Remember, an aquarium is full of water, and routine activities are bound to spill and splash it around. This can result in water marks and stains, since it is often impossible to move a tank to clean under it. Therefore avoid placing an aquarium on any expensive furniture or carpeting. Also, should a small leak ever develop, anything you keep below the tank could be ruined, so don't put anything valuable there.
Tanks larger than 20 gallons should never be moved unless completely empty. Tanks 20 gallons and smaller can be moved without breaking them down by draining as much water as possible, and removing heavy objects, like filters, large rocks, etc. You can leave the fish in the tank for short trips, and save the water for refilling in the new location.
While we are here, a word on the all-in-one starter kits you may find in the stores: some of them have pretty good components, most of them do not. If you have a friend who knows the difference, bring him/her/it along. Luckily, the better stuff also costs more, so in this case the salesman will happily steer you in the right direction. Don't start out with junk.
Aww Damn ! Now I'm going to have to look at that forever !
It happens. A glass box full of pebbles ( or worse, sand ) is going to get scratched sometime. Nothing ruins a beautiful aquarium like scratched glass. Fortunately, there is a way to get rid of scratches without having to break down the whole tank and polish them out the conventional way, or replace it. Glass is very hard compared to most materials you would sand, and also transparent, revealing even the smallest imperfections in the light. Ordinarily, sanding glass without heavy polishing afterwards would simply result in an even worse mess of scratches, but we have one thing in our favor here - small enough scratches become invisible in water, and the inside of the tank is always filled with water.
To do this, you will need silicon carbide ( SiC, also known as carborundum ) sandpaper in several grits. Typical wet-or-dry sandpaper is aluminum oxide. This is fine for woodworking, but barely works for this. Silicon carbide is the second hardest material known, after diamond. It has a Mohs hardness of 9.5 ( diamond is 10. ) Glass is around 5.5, your fingernail is 2.5. Although aluminum oxide has a hardness of 9.0, it is not nearly as tough as silicon carbide, and dulls-up against glass literally in seconds. You can find SiC paper at most auto parts stores - it is the stuff in the small package that is inexplicably overpriced. It should say silicone carbide somewhere on the package. That's the reason it is so expensive. You can also find it online, as if I needed to say that.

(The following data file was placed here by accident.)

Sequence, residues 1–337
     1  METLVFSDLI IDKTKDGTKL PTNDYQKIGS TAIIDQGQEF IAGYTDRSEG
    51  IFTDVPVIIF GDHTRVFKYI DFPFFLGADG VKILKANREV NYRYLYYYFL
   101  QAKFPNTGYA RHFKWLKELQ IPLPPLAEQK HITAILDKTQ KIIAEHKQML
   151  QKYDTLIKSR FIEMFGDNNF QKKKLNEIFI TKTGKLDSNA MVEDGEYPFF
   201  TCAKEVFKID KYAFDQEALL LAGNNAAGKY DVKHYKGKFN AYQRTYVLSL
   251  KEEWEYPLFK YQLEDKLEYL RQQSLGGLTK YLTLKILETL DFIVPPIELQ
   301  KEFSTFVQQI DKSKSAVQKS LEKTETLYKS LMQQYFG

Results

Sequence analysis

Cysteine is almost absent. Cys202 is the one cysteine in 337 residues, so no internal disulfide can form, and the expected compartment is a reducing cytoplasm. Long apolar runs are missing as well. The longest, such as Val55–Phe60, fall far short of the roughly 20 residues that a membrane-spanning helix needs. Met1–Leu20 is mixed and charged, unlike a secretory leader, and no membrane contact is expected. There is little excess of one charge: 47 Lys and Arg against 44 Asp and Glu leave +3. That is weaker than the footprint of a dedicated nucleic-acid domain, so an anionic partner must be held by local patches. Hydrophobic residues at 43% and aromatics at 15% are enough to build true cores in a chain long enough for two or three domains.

First, clean the glass on the outside. You don't want to confuse scratches on the inside with streaks on the outside. Then, with a Sharpie pen, circle the scratch you want to remove. Settle for two or three of the worst, don't be overly ambitious, this is a lot of work. I tear the paper into small pieces about 3x4 inches, and then fold those in half.
Attack the scratch first with 800 or 1000-grit sandpaper. You want to use heavy fingertip pressure, switching the contact point of the paper ofter. Keep switching the spot on the paper, and once the whole piece is dull, throw it away and get a new one. Use just your fingertips, and keep the 'over-sand' area to a minimum, checking often to see your progress until you are satisfied with the results. Light scratches come out completely, medium ones take more time and effort. For large deep ones, you may have to be satisfied with whatever you can do, but you should be able to minimize it with enough work. Even just rounding the microscopic edges of the scratch will make it less apparent.